Menu, please: Drug stores need to take a page from other retailers

December 28, 2016By Articles, Independent Pharmacy


By Dave Wendland for Drug Store News

November 28, 2016

If you recall from my most recent blog post, I’m writing about honoring one my father’s favorite pastimes – dreaming up ideas that haven’t been thought of yet. Focusing on retail pharmacy, I’m happy to share another of my mind meanderings.

There is no disagreement that pharmacists remain the most accessible, trusted healthcare professionals within the healthcare community. Yet many consumers (aka patients) don’t take full advantage of the professional services available. I believe it’s because these same consumers don’t know what they don’t know.

Here’s a short list of some of those services:

  • Compliance Tools – a way to help patients remember if and when medication has been taken
  • Flu Vaccinations – the convenient administration of annual flu vaccines (or other immunizations)
  • Medication Checkup – a review of prescription and non-prescription medications to ensure they are being taken correctly and not posing a potential contraindication
  • Compounding Prescriptions – for medications not commercially available in the dose or form prescribed, pharmacists may be able to mix small quantities of medications for patients
  • Smoking Cessation Support – in addition to recommending over-the-counter medications to help consumers quit smoking, pharmacists may offer specific pharmacy smoking cessation programs along with counseling and coaching
  • Clinical Education/Guidance – for more information about specific health conditions such as heart disease or diabetes, pharmacies often conduct specialized clinic days that focus on education or risk assessment
  • Medication Delivery – convenient home delivery for those patients unable to pick up prescriptions
  • Auto-renewal/Synchronization – medication regimens for a chronic condition or longer-term treatment can benefit from synchronized refills to be delivered on a specific day of the month or establish auto renewals to encourage adherence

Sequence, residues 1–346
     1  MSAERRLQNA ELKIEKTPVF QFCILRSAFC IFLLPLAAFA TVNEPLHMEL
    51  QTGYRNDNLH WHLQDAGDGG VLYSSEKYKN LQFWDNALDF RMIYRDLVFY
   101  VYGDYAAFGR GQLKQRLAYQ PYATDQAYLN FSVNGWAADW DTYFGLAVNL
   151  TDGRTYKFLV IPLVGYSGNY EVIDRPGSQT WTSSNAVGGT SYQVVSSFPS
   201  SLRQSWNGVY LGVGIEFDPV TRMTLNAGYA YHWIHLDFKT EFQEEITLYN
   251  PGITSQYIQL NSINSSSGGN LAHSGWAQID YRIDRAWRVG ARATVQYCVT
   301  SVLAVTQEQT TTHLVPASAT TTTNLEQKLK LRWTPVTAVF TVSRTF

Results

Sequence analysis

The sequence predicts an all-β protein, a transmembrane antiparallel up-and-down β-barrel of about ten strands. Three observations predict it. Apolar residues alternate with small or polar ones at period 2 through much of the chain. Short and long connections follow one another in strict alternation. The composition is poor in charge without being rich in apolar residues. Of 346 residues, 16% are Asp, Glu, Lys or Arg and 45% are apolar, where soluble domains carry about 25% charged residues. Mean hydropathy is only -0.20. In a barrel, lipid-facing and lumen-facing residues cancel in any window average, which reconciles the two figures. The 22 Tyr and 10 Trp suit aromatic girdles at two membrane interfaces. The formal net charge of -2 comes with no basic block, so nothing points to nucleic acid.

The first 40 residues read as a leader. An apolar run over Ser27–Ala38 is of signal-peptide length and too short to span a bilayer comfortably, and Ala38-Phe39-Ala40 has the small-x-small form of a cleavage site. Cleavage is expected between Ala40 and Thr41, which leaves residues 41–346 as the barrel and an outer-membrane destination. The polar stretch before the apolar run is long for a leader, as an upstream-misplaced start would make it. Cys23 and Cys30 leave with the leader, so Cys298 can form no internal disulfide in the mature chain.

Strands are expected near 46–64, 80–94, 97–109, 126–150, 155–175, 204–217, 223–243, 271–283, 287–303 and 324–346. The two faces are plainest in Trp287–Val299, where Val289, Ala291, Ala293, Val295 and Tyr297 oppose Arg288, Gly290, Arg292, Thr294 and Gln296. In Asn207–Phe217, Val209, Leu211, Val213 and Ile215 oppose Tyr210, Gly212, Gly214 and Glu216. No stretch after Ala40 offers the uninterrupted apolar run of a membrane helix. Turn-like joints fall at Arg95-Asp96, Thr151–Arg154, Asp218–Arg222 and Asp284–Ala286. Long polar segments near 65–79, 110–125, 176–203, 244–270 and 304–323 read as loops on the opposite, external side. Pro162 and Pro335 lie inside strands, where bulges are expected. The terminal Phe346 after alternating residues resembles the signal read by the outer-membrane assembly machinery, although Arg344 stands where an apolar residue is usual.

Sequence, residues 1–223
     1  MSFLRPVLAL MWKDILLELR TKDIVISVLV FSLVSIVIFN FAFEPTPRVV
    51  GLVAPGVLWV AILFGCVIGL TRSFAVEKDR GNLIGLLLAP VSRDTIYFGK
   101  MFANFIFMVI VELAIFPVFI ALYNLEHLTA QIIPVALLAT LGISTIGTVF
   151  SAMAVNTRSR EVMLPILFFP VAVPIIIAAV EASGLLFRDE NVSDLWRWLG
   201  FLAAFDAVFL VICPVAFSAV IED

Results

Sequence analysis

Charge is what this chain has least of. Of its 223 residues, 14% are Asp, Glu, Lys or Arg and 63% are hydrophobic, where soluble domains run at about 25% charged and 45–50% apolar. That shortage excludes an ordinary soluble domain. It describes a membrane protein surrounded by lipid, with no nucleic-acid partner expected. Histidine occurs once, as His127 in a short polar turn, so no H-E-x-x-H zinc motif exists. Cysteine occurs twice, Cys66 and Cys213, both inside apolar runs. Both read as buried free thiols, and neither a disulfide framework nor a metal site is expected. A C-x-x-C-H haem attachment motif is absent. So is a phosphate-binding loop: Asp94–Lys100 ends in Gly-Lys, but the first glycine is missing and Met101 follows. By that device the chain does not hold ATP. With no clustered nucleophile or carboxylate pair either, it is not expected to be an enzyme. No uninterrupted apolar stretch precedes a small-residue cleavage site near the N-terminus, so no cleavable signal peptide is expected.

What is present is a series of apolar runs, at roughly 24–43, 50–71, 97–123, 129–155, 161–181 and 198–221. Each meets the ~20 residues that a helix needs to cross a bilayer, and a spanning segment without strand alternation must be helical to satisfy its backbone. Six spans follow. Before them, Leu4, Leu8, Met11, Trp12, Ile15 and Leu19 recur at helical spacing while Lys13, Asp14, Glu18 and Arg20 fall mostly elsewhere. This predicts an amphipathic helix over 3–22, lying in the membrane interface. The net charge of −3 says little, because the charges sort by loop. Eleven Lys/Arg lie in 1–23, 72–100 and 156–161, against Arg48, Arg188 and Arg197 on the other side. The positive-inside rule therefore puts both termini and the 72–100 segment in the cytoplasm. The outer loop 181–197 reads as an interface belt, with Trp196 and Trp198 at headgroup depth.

• Prescription Substitution – if clinically appropriate, pharmacists may be able to change the dose, dosage form, frequency, or route of administration of a prescription to better meet a patient’s specific insurance coverage
  • Counseling services – pharmacists often offer advice and education about prescriptions, over-the-counter medications, natural health products, medical devices, and more

So, here’s the BIG idea. Virtually every other service-oriented retailer that I visit (auto repair shop, dry cleaner, chiropractic center, hair salon, etc.) posts their service offerings on some type of “menu board” with price ranges and/or special offers.

Why don’t we see such menu boards within retail pharmacy? One could argue that until somewhat recently, consumers did not feel empowered or overly-engaged with their healthcare. Today’s consumer has evolved rapidly and won’t know what retail pharmacies have to offer beyond prescription dispensing if nobody tells them.

Therefore, I would urge the pharmacy profession to take a page from other service-oriented businesses and start informing consumers what’s available – perhaps in the form of a menu.